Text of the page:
Saturday, October 16, 2010


It was strange to see the Australian guy paddle in over the reef with just the tail of his board. Floating in the shallows was the other half, the front half. On that bright Indonesian morning at Scar Reef (the name fits—trust me), double overhead Indian Ocean perfection would provide for some rides that will remain etched in the memory banks, keepsakes of a session where all the conditions came together. And this same perfection would claim its share of boards.

I watched the Aussie collect himself, now carrying a piece under each arm, a sheepish look on his face, feeling a bit like a gladiator exiting the ring bloodied…but alive. And no doubt disappointed that his board had been snapped cleanly in half, and unless he brought a back-up board, he would be a spectator for the rest of his time there, because replacement boards were being sold a full day’s journey away. Yes, two islands over to the nearest surf shop. “Have fun watching, Mate!”

He could try to piece the board together, with enough fiberglass and sun-cure resin…but have you ever ridden a snapped in half board that’s been glued back together? The weight added is prohibitive, the board will never ride the same. Even dumpster diving retro—advocates would pass on it. It’s...broken. Its fate would be either to be erected on the wall of some local restaurant, or thrown in a landfill (which means back to Oz it goes,--there are no landfills on this island).

Boards do get broken. It should not surprise us. We live in a world where tons of things break: relationships, economies, human bodies, our word. And Jesus came on the scene roughly 2000 years ago and declared “I can fix that.” In John 3:17 he said something to the effect that “I didn’t come to condemn the world, I came to save it.

There you have it: Jesus saves. But does that resonate with you or does it seem like one in a long list of religious slogans? Do visions in your head appear of TV preachers imploring you in a southern accent to pick up that phone (operators are standing by now!) and dial our counseling line so you can get “saaaaaaaahhhhyyyyeeeevvvved.”

Are you a little put off by it all? Perhaps you’ve known Christians who talked amongst themselves and use this world like some sort of holy secret handshake.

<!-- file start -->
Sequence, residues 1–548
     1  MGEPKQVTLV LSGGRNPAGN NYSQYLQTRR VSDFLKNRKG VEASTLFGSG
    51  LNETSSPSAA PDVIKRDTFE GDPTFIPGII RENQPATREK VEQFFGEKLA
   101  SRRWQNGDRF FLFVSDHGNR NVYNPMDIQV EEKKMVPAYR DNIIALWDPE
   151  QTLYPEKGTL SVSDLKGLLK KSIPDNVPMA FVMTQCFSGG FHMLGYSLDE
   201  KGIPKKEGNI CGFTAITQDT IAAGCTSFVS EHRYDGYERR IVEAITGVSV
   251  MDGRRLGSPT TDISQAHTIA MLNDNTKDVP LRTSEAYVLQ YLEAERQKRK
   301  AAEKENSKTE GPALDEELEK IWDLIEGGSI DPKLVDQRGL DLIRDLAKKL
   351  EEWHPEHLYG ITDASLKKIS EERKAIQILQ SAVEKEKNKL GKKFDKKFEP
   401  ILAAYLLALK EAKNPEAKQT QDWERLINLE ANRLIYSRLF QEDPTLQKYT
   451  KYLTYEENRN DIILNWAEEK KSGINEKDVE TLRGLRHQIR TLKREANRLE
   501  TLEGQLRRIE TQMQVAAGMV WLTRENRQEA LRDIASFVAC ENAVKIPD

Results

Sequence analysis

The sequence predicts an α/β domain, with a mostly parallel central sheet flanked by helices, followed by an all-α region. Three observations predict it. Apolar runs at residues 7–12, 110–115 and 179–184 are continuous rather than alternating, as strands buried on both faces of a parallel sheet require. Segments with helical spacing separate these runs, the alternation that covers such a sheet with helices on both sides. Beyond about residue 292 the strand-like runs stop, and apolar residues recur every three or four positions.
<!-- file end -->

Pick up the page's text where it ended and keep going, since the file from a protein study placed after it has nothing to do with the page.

“So when did you get saved???” “Oh, I got saved on such and such a date.”

And yet, that’s the word Jesus used. But explore it’s meaning: the word he used was the Greek work “sozo” which means “to save” but also in a fuller sense “to renew, restore, to heal, to put everything back in its proper order.”

Simple stated. Jesus saves. Jesus heals broken things. And there are lots of things broken in this world. Things like foam and fiberglass boards, which snap like toothpicks when conditions go extreme. But go beyond things to people. People get broken. People are broken. And all our efforts of patching ourselves up won’t make us right. It won’t make us who we were intended to be.

And how do broken people get whole? Jesus must save them. In other words: renew them, restore them and make them new.

God tells us in very clear terms that this brokenness is what the bible calls sin. It’s a small word that encompasses the very broad and big categories of all that is wrong in you and me and this world. Jesus says he beat it, won over it, when he gave himself to die the death that we deserved, which was on a cross. He did not stay dead, however. He rose from the dead. Which shows us all some really vital things. First off, it shows us he is God, and not a man. Men have no mastery over death. Death gets all men in the end. But that was not true of Jesus.

It also shows us that broken stuff (and people) don’t need to stay broken anymore. Jesus offers his healing, his salvation to anyone who would say “I believe it. I trust that’s what it takes for me to be reunited with the God that made me. I’m willing to now follow Jesus, he now takes the lead, and I follow”

Jesus wants to save the souls of surfers, broken surfers like you and me.

And through us, then, Jesus wants to save the soul of surfing. If you think about it, this thing called surfing, except for in small pockets, has not been around for very long. In its short history, there’s been this celebration of the pure and beautiful act of riding waves. But also much that needs to be saved. Because much is broken.